No matter whether your child gets an offer of a place at your preferred school or another, talking about the school positively and helping your child to feel excited about starting a new school is so important. The next section of this post is going to look at how to manage this situation as positively as possible. (I recognise that there will be situations that you simply cannot deal with positively and that there will be no chance of your child attending that particular school).
Visit the School
School are very open to allowing families to visit. The school office will be happy to arrange a time for a tour. They want children and families to be happy and will be keen to show why their school is a good option. With COVID restrictions easing, school visits are much easier to arrange. Seeing the school during the working day, seeing the children having fun, meeting the Head of Year or reception class teacher can really help to make a child feel good about their future school.
Most secondary schools hold a week or two camp during the summer school holidays – The feeder primary schools usually identify children they think would benefit from this if they are particularly quiet, anxious or are not starting with the majority of their year group, but you can also request your child’s name be put down for these camps too. Feedback tends to be really positive about how they help children feel comfortable about starting the school and have met a friend or two before the start of term.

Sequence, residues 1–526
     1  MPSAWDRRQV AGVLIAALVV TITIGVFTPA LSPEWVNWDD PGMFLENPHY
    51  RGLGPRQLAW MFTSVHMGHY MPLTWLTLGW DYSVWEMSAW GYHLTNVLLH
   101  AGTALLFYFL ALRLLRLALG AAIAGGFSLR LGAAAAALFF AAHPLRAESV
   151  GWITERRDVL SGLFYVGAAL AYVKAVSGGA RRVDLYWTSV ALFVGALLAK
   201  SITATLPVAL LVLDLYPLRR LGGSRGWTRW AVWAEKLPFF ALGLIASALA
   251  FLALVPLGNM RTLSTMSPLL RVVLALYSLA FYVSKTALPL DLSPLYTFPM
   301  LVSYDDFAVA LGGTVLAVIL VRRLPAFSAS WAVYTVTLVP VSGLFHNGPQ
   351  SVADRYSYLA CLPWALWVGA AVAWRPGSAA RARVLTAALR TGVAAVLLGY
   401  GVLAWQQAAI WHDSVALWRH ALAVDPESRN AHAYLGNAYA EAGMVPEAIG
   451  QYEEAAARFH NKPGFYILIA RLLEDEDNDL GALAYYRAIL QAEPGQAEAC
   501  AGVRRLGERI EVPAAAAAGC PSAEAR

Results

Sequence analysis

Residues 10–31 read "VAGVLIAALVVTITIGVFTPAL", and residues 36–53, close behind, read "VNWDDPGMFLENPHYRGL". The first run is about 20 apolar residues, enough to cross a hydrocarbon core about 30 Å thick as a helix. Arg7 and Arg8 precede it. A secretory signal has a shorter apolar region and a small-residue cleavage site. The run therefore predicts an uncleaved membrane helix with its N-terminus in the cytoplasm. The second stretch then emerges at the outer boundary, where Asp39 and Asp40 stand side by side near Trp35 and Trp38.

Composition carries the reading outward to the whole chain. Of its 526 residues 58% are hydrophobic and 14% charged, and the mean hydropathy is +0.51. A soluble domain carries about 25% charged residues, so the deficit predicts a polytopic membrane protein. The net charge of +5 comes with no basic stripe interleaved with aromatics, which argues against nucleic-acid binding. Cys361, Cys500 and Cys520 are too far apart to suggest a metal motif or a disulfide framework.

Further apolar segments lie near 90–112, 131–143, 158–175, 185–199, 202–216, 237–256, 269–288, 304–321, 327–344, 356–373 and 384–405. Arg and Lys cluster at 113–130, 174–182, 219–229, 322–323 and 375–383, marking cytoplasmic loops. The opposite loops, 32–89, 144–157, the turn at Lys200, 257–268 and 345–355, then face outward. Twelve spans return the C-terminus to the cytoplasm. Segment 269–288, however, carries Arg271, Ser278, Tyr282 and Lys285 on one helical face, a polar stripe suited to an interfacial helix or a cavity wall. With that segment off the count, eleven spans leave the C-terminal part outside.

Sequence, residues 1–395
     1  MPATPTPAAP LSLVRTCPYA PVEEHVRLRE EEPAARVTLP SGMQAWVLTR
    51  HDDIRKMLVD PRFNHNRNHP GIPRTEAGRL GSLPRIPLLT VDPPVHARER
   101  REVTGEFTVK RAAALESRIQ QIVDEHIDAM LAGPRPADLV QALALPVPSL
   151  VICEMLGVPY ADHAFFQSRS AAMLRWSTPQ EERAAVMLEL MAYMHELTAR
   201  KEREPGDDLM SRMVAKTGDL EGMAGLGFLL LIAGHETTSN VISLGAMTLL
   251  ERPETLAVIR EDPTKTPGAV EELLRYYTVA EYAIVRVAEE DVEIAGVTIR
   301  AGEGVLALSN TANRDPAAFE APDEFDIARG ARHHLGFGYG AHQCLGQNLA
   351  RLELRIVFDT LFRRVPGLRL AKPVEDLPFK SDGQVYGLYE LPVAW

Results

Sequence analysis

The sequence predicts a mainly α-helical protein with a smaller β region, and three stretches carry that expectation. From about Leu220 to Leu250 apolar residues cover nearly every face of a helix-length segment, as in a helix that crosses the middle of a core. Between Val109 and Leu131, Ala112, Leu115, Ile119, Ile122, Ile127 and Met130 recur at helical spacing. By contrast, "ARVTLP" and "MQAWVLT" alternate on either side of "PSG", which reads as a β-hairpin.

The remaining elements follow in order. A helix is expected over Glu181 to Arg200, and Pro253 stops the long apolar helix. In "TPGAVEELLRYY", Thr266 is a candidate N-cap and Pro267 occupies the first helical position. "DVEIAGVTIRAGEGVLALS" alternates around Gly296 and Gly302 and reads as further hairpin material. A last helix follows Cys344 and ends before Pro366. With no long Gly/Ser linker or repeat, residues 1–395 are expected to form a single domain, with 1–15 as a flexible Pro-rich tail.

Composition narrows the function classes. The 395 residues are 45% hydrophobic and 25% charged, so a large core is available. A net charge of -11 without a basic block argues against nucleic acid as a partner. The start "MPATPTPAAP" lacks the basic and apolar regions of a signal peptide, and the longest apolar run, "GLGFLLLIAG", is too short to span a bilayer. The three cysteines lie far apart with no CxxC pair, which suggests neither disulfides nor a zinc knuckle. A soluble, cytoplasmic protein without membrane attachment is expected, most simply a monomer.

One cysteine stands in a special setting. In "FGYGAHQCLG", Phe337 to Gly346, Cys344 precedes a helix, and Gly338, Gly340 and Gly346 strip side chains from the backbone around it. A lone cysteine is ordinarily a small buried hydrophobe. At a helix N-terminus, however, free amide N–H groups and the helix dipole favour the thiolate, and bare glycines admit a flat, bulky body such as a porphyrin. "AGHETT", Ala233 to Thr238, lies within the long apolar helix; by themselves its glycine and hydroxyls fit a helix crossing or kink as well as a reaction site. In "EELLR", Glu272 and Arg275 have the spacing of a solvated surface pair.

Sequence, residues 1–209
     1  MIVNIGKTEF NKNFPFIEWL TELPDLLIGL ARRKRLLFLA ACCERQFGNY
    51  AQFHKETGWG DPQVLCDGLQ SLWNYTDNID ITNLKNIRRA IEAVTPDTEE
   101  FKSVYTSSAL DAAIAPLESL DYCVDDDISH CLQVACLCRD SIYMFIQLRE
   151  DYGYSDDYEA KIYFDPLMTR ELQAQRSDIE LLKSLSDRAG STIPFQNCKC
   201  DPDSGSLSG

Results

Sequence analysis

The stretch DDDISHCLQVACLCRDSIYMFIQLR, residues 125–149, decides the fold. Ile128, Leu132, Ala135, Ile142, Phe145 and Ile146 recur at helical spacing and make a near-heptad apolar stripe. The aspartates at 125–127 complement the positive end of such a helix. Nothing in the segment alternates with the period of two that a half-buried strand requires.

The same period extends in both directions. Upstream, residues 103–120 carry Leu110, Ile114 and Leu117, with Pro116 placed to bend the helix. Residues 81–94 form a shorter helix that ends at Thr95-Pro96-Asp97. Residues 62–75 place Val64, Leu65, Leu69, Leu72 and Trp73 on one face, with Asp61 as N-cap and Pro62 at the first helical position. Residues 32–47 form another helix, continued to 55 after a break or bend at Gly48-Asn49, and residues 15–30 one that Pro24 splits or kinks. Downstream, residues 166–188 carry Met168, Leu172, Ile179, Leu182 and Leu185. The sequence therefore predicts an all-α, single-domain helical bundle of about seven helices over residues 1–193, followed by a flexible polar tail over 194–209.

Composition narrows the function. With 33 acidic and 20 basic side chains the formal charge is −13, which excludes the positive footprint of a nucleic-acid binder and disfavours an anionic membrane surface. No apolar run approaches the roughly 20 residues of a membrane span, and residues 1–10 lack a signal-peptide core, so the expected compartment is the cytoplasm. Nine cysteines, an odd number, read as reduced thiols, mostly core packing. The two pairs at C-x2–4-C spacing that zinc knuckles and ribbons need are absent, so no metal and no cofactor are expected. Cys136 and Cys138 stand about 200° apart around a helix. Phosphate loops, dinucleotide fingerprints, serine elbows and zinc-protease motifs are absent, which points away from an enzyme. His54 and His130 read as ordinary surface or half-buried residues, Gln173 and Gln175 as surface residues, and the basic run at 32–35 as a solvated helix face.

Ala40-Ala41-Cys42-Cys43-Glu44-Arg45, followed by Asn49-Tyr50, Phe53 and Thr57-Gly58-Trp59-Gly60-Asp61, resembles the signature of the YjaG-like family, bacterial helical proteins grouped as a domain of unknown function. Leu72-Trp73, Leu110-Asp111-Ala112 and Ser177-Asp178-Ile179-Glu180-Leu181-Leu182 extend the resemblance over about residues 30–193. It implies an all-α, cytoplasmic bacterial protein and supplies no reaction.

Just 2 days after allocation day, I heard of 2 families that had both been offered a school place that neither of them had chosen as an option. The other family had originally requested that school as their first choice. Seems utterly crazy how the local board of education had come to that decision but both families decided to tackle the admission authority’s decision and ask for a direct swap. Worth a try – I’m still waiting to hear the result of this one!
Arrange Play Dates
If you hear of other children (perhaps friends of friends) that will be starting the same school as your child, be pro-active. Arrange to meet up perhaps in a local play area or cafe. Encouraging new friendship may not be easy but it may just work and give your children a chance to ask the other child what they are looking forward to or feeling anxious about. Often, just even knowing that someone else has similar concerns makes them seem so much less worrying.
I’m not trying to be flippant. This feels like a huge deal at the time but none of this needs to be solved overnight. As I said at the start of this post, nothing needs to be permanent. We have moved 2 children from their schools – One in Primary and One in Secondary and both times it turned out to be exactly the right decision. Our eldest actually has a theory that it is better to move when school has already started as you will be the new person and get attention and everyone will want to be your friend. I hope it never gets to that and you and your child are completely happy with your offered school but if this post helps just one family, then my job is done.
You may find these posts from We’re Going On An Adventure useful when preparing your child for secondary school or preparing your child for primary school. Sorry About the Mess has also written about How to Choose a Primary School.